More than 20 million Americans are publicly or privately insured under the Affordable Care Act (ACA), commonly referred to as “Obamacare.” The act was signed into law by President Barack Obama as a way to give more Americans access to affordable healthcare.
This act also offers protections for people with pre-existing conditions who might otherwise encounter expensive premiums and gaps in coverage. After applying to the program, one can browse available insurance plans and coverage options through the online Health Insurance Marketplace.
Who Can Use the Health Insurance Marketplace?
In order to access private health insurance through the Health Insurance Marketplace created under the ACA, you must be a U.S. citizen or have lawful status in the U.S. Additionally, you cannot be currently incarcerated. The marketplace offers private health and dental plans.
Healthcare plans fall into one of four categories: bronze, silver, gold, or platinum-based on how you and your insurance will split the costs. Depending on how much coverage you need or how much you’re able to afford, you can find a plan that best suits you and your family’s needs.
Open Enrollment Periods
Enrollment for Affordable Care Act coverage opens for a limited time each year, typically from November 1st to December 15th for insurance plans beginning in the new year. However, some states extend their marketplace’s open enrollment periods to give more people time to sign up.
You will be able to browse the marketplace and explore coverage options before hearing back about your eligibility. After a year, you have the option to re-enroll or apply to keep or upgrade the coverage you received from open enrollment insurance.
Special Enrollment Periods (SEP)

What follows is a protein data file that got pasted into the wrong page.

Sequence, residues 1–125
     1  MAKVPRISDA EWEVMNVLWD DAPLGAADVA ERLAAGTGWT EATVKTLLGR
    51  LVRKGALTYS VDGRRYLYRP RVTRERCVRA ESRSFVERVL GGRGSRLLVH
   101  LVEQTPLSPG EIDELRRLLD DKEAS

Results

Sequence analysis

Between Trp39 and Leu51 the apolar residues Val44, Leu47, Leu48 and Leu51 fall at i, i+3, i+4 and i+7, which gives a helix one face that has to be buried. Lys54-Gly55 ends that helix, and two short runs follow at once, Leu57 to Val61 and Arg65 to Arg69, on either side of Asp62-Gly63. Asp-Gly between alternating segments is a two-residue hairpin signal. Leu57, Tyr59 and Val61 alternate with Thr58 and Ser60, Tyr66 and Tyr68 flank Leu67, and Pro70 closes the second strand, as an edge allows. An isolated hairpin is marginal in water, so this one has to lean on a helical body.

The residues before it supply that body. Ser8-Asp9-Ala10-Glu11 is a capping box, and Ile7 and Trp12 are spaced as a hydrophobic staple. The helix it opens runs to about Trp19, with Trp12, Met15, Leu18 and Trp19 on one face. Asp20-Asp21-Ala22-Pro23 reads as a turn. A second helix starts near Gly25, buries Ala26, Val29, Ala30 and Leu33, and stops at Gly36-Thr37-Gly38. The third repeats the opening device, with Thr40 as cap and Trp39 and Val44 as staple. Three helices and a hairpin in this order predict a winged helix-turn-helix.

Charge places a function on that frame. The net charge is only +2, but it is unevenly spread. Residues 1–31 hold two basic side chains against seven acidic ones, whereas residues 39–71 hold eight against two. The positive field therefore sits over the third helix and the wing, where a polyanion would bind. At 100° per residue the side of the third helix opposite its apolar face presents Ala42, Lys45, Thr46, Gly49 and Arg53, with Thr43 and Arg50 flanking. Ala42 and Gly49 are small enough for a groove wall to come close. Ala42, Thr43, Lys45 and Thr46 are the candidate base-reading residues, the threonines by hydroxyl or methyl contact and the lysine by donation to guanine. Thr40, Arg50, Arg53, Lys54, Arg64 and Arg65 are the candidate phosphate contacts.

If you need coverage but missed the deadline due to a special circumstance, you can still apply for coverage, assuming that your circumstances qualify you for a special enrollment period. These circumstances might include having a baby, getting married, losing a spouse, getting divorced, moving, or becoming unemployed.
People moving from transitional housing or coming into the U.S. from abroad may also qualify for a special enrollment period. When you apply, you may need to submit documentation of your situation. You’ll have 30 days to submit this proof to confirm your eligibility, although you can browse the marketplace and pick your plan in advance before waiting for approval.
Health Plan Categories
The majority of health plans on the marketplace are divided into four categories, which are bronze, silver, gold, and platinum. These categories are based on how you and your insurer will split the costs of care. The categories and general breakdowns are as follows:
- Bronze – Insurance pays 60% and you pay 40%.
- Silver – Insurance pays 70% and you pay 30%.
- Gold – Insurance pays 80% and you pay 20%.
- Platinum – Insurance pays 90% and you pay 10%.
Determining which category is right for you depends on what your needs are and how much you are able to pay monthly for your insurance.
The bronze plan offers the lowest premiums of all the plans, and is best for people looking for a cost-effective solution to healthcare coverage. However, silver plans often have lower deductibles than that of bronze plans, making it an attractive option for people looking for moderate healthcare coverage with less upfront costs.